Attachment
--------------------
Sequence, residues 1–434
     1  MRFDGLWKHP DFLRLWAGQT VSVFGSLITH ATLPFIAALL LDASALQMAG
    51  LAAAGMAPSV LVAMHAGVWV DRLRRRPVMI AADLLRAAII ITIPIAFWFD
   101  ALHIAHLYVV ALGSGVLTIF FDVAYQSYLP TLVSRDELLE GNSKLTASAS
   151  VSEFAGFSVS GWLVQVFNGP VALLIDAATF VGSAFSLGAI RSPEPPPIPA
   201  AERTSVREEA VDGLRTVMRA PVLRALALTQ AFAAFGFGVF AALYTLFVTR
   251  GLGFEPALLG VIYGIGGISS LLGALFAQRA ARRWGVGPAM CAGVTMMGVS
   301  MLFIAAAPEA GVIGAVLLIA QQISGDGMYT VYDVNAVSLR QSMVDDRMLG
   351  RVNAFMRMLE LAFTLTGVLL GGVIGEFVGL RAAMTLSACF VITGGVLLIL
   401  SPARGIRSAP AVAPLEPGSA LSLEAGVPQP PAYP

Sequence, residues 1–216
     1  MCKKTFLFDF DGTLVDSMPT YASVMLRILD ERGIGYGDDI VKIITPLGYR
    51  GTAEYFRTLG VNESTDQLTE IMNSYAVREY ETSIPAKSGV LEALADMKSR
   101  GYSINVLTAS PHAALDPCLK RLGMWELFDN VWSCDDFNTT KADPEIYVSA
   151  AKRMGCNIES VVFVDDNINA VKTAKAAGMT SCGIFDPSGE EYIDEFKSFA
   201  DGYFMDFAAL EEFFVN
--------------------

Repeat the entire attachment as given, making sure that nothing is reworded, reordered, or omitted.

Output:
Sequence, residues 1–434
     1  MRFDGLWKHP DFLRLWAGQT VSVFGSLITH ATLPFIAALL LDASALQMAG
    51  LAAAGMAPSV LVAMHAGVWV DRLRRRPVMI AADLLRAAII ITIPIAFWFD
   101  ALHIAHLYVV ALGSGVLTIF FDVAYQSYLP TLVSRDELLE GNSKLTASAS
   151  VSEFAGFSVS GWLVQVFNGP VALLIDAATF VGSAFSLGAI RSPEPPPIPA
   201  AERTSVREEA VDGLRTVMRA PVLRALALTQ AFAAFGFGVF AALYTLFVTR
   251  GLGFEPALLG VIYGIGGISS LLGALFAQRA ARRWGVGPAM CAGVTMMGVS
   301  MLFIAAAPEA GVIGAVLLIA QQISGDGMYT VYDVNAVSLR QSMVDDRMLG
   351  RVNAFMRMLE LAFTLTGVLL GGVIGEFVGL RAAMTLSACF VITGGVLLIL
   401  SPARGIRSAP AVAPLEPGSA LSLEAGVPQP PAYP

Sequence, residues 1–216
     1  MCKKTFLFDF DGTLVDSMPT YASVMLRILD ERGIGYGDDI VKIITPLGYR
    51  GTAEYFRTLG VNESTDQLTE IMNSYAVREY ETSIPAKSGV LEALADMKSR
   101  GYSINVLTAS PHAALDPCLK RLGMWELFDN VWSCDDFNTT KADPEIYVSA
   151  AKRMGCNIES VVFVDDNINA VKTAKAAGMT SCGIFDPSGE EYIDEFKSFA
   201  DGYFMDFAAL EEFFVN